A US federal air marshal who left her weapon in the toilet of a Delta Airlines flight from England to the US was surprised to have the gun returned to her by members of the flight crew after a passenger on board discovered and quickly returned it.
The marshal, who has not been named, did not report the malfeasance to her superiors for a period of several days, during which she traveled on many other flights.
A retired air marshal, noting the danger introduced by the incident, said "You can't have inept people leaving weapons in a lavatory. If someone with ill intent gets hold of that weapon on an aircraft, they are now armed," according to the Economist.
It is not the first time a federal air marshal has left a handgun in an airplane toilet, though calls for limiting the scope of the branch's mission have not resulted in significant changes.
Air marshals, a branch of the widely unpopular US Transportation Security Administration (TSA), number in the thousands, although the TSA does not disclose exact figures.
Since their implementation in 1962, a weapon has been fired by an active duty air marshal only once, in 2005, while the aircraft was on the ground. In that incident, agents shot and killed a man who ran away from them, mistakenly believing that he had a bomb.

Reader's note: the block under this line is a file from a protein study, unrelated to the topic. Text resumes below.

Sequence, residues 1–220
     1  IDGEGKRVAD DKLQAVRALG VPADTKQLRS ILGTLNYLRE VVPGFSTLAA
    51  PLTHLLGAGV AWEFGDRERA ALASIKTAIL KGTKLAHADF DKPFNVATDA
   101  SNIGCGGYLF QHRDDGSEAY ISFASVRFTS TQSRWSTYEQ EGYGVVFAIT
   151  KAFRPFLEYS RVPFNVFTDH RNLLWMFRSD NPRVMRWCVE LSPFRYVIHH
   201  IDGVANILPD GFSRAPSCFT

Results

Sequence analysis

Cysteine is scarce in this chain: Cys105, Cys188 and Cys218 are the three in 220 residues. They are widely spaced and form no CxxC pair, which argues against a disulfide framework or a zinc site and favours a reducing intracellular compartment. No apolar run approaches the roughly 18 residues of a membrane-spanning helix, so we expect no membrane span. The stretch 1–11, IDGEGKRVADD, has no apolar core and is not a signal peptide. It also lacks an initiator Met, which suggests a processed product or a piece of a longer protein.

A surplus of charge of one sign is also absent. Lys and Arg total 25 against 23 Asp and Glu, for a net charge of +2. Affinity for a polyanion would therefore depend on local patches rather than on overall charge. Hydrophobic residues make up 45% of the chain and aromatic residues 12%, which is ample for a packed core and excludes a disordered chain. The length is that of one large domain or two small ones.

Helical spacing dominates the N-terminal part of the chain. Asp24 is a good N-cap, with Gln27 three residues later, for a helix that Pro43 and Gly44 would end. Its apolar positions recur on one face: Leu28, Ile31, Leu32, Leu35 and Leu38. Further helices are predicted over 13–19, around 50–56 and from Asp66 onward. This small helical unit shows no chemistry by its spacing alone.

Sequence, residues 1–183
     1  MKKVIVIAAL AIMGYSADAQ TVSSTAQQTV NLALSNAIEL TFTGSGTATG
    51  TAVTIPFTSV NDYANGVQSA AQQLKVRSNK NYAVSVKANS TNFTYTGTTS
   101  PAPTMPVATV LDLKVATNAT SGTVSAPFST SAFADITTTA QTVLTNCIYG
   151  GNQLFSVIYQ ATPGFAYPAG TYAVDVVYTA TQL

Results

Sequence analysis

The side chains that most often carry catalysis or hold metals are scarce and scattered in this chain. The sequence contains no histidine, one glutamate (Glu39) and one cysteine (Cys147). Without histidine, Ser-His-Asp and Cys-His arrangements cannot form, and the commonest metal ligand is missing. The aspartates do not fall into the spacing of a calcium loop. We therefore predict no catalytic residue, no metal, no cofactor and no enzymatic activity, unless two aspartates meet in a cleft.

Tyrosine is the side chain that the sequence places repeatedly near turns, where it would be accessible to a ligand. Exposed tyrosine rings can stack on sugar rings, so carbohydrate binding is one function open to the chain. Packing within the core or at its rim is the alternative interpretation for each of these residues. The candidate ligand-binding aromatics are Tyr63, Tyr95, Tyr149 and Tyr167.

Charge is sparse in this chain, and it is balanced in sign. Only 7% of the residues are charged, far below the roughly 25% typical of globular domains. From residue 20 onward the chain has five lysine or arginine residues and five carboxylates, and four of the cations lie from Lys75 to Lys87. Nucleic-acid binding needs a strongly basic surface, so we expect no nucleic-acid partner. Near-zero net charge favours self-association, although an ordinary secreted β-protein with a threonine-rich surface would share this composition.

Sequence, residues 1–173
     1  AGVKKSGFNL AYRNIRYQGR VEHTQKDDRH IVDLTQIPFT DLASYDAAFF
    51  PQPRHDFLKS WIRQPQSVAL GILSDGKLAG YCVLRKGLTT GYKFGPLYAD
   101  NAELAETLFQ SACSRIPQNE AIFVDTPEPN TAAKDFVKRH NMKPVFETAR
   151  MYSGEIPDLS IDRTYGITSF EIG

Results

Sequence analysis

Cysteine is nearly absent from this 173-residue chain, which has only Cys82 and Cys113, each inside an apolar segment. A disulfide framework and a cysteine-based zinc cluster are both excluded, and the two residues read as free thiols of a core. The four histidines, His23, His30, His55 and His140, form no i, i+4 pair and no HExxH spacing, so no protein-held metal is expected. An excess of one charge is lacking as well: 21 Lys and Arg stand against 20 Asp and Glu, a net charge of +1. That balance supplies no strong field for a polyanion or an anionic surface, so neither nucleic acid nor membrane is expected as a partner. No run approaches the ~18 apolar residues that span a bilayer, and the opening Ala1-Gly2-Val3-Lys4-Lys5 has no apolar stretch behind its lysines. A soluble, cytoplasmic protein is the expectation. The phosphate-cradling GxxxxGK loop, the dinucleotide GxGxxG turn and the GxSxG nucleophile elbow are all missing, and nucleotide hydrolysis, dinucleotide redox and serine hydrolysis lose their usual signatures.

The risk of collateral damage due to the presence of firearms on an aircraft is well documented. The close proximity of passengers and crew, the thin walls of the pressurized aircraft cabin, and the inherent fallibility of human judgement under pressure — even among those who are highly trained — all contribute to a likelihood of unwanted and tragic consequences.
Federal air marshals are said to have some of the highest levels of training of any law enforcement branch in the country, and carry weapons up to.357 caliber. Weapon size is capped to limit the possibility of a hull breach at altitude, as the chances of a misstep are noted to be potentially fatal.
The effectiveness of the US Federal Air Marshal program has been called into question, notably by House Representative John Duncan (R-TN), who observed that the annual average of 4.2 air marshal arrests brought the cost of each arrest to some $200 million, based on the branch's budget.
Duncan observed that money spent on the US federal air marshal program supports the perception of terror, and increases a reliance on a for-profit approach to security in the US, instead of asserting budgeting priorities based on reality.
The air marshal who left her gun on board the New York flight, reportedly a recent hire, has not been disciplined, and the TSA has not revealed whether she will be disciplined and what form that discipline may take. According to reports, she was returned to her duties just days after finally reporting the incident.